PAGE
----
Kansas Secretary of State: Mail-in voting secure enough to have election on time
WICHITA, Kan. (KWCH) - A tweet from President Donald Trump Thursday in part said an increase in mail-in ballots will lead to an inaccurate and fraudulent election in November. The president also suggested delaying this year’s presidential election.
Eyewitness News Thursday spoke with Kansas Secretary of State Scott Schwab about the president’s concern. Schwab said mail-in voting is a safe, secure way to complete your civic duty. He said mail-in voter fraud is not a systematic issue and is not a reason to delay the presidential election.
“It becomes less and less of an issue very year as we become better and better at securing elections,” schwab said. “So, with voter ID and things we have in the state of Kansas, there’s no reason to prolong the election anymore.”
While Schwab expects an increase in mail-in ballots this year, he’s confident the vote totals will be accurate. It may just take longer to count.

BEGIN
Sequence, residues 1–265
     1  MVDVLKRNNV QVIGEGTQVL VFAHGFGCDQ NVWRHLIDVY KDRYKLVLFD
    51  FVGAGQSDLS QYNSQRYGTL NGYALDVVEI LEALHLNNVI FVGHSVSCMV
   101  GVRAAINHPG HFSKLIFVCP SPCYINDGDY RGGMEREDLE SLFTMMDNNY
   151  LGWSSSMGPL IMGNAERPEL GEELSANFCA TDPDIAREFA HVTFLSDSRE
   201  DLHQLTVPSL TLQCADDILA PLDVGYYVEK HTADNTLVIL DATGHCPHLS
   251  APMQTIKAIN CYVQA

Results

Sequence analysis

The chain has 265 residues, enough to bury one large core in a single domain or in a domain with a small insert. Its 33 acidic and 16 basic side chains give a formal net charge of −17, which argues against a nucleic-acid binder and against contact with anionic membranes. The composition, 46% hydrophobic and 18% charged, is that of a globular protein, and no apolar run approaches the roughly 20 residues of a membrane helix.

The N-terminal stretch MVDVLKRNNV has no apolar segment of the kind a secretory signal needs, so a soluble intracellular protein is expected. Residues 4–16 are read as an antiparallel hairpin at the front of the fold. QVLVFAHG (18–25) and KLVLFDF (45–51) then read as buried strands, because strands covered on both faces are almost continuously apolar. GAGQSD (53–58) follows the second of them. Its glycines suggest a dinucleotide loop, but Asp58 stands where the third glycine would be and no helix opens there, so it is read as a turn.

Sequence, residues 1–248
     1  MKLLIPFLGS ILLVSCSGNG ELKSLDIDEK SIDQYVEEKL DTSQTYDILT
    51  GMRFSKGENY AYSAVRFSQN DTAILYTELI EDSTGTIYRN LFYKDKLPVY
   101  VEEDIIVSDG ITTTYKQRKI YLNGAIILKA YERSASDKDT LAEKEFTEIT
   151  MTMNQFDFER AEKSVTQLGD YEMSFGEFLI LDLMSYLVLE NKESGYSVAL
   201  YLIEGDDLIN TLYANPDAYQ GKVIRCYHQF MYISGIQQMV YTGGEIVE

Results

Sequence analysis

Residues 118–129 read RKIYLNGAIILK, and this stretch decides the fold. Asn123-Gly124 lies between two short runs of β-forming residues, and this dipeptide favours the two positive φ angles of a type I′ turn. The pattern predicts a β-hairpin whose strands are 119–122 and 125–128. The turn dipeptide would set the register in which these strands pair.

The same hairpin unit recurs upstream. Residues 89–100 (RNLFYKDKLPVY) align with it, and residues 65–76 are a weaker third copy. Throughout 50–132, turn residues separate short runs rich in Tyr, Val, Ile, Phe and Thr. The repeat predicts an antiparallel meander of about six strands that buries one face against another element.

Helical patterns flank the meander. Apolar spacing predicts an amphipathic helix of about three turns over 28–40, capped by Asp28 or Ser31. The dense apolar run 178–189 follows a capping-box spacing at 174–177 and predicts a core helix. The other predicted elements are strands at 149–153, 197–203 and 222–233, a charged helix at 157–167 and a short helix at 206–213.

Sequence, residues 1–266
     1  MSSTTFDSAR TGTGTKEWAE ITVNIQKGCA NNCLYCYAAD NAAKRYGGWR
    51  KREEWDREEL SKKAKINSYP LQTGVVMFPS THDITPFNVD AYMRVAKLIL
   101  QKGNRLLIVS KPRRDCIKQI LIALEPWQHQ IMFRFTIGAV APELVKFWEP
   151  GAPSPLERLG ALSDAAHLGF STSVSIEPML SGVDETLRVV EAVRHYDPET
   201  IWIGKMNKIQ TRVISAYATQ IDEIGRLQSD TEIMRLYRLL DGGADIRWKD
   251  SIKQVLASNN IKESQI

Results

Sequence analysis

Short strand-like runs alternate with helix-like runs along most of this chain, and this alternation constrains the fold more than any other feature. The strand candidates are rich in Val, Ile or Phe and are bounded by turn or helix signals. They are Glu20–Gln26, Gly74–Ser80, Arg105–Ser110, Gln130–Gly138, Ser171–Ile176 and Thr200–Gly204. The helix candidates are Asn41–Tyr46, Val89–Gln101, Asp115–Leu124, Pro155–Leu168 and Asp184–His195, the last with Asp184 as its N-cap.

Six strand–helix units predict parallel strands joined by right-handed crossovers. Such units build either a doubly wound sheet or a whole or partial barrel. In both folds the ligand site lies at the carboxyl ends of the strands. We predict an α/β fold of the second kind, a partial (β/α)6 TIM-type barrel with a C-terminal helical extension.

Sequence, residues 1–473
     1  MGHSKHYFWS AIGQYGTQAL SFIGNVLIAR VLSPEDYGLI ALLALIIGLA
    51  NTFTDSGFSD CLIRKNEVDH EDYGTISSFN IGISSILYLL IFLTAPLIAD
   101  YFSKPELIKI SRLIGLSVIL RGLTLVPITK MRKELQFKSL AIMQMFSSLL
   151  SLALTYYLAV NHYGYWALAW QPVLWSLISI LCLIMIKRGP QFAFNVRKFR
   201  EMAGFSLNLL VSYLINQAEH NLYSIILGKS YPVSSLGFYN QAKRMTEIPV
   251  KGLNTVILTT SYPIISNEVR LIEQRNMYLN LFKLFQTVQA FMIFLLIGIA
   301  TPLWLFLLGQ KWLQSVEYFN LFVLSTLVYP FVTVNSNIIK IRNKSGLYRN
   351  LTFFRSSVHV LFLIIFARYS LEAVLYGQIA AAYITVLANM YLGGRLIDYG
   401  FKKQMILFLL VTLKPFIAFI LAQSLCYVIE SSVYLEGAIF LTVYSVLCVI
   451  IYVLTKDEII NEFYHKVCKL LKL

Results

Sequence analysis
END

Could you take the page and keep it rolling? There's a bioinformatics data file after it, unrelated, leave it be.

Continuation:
Sedgwick County Election Commissioner Tabitha Lehman said the county usually has 65,000 to 70,000 mail-in ballot applications for a presidential election. Three months out from the general election, she said the Sedgwick County Election Office has already reached that amount. Lehman said there’s an in-depth process to verify mail-in ballots. That starts by checking your photo ID and signature when you apply.
Once you fill out the ballot and send it back, Lehman said the election office will verify that the signature on the envelope belongs to you, “to make sure you’re the person who returned the ballot.”
Lehman said the election office staff is trained on how to verify signatures and will make sure your signature on the envelope matches the one on file from your request. If the signatures don’t match up, Kansas Law requires the election office to contact you so you can fix it if they’re already canvassing. County commissioners vote on whether to accept a ballot.
One concern with mail-in ballots Schwab and Lehman share is voters mailing in their ballots on time.
“When you take your ballot and give it to the U.S. Postal Service, the state and county have no control over the post office, and have no control over the ballot getting in on time,” Schwab said.
That’s why Schwab and Lehman recommend dropping your ballot off at your poling place, or mailing it at least one week in advance of Election Day.
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